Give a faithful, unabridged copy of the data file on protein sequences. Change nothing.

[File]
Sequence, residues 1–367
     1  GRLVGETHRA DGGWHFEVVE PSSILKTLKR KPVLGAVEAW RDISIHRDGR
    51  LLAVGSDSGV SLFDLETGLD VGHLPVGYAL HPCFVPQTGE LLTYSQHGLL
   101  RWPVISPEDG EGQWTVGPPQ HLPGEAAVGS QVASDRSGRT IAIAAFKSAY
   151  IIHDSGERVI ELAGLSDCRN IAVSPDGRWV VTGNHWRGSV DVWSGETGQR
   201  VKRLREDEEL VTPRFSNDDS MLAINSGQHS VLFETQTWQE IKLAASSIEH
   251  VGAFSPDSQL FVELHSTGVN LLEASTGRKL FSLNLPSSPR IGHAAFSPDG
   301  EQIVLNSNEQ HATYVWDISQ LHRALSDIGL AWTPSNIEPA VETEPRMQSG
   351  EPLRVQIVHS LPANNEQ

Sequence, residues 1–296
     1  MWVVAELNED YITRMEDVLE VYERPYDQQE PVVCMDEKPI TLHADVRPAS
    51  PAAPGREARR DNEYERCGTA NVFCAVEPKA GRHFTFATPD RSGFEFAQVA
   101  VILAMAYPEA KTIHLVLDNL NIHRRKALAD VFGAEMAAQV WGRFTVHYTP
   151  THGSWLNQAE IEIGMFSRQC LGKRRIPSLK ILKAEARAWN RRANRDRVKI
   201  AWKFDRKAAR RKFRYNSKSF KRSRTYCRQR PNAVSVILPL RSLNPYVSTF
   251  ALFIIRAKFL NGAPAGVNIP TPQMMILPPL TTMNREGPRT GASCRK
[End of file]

Sequence, residues 1–367
     1  GRLVGETHRA DGGWHFEVVE PSSILKTLKR KPVLGAVEAW RDISIHRDGR
    51  LLAVGSDSGV SLFDLETGLD VGHLPVGYAL HPCFVPQTGE LLTYSQHGLL
   101  RWPVISPEDG EGQWTVGPPQ HLPGEAAVGS QVASDRSGRT IAIAAFKSAY
   151  IIHDSGERVI ELAGLSDCRN IAVSPDGRWV VTGNHWRGSV DVWSGETGQR
   201  VKRLREDEEL VTPRFSNDDS MLAINSGQHS VLFETQTWQE IKLAASSIEH
   251  VGAFSPDSQL FVELHSTGVN LLEASTGRKL FSLNLPSSPR IGHAAFSPDG
   301  EQIVLNSNEQ HATYVWDISQ LHRALSDIGL AWTPSNIEPA VETEPRMQSG
   351  EPLRVQIVHS LPANNEQ

Sequence, residues 1–296
     1  MWVVAELNED YITRMEDVLE VYERPYDQQE PVVCMDEKPI TLHADVRPAS
    51  PAAPGREARR DNEYERCGTA NVFCAVEPKA GRHFTFATPD RSGFEFAQVA
   101  VILAMAYPEA KTIHLVLDNL NIHRRKALAD VFGAEMAAQV WGRFTVHYTP
   151  THGSWLNQAE IEIGMFSRQC LGKRRIPSLK ILKAEARAWN RRANRDRVKI
   201  AWKFDRKAAR RKFRYNSKSF KRSRTYCRQR PNAVSVILPL RSLNPYVSTF
   251  ALFIIRAKFL NGAPAGVNIP TPQMMILPPL TTMNREGPRT GASCRK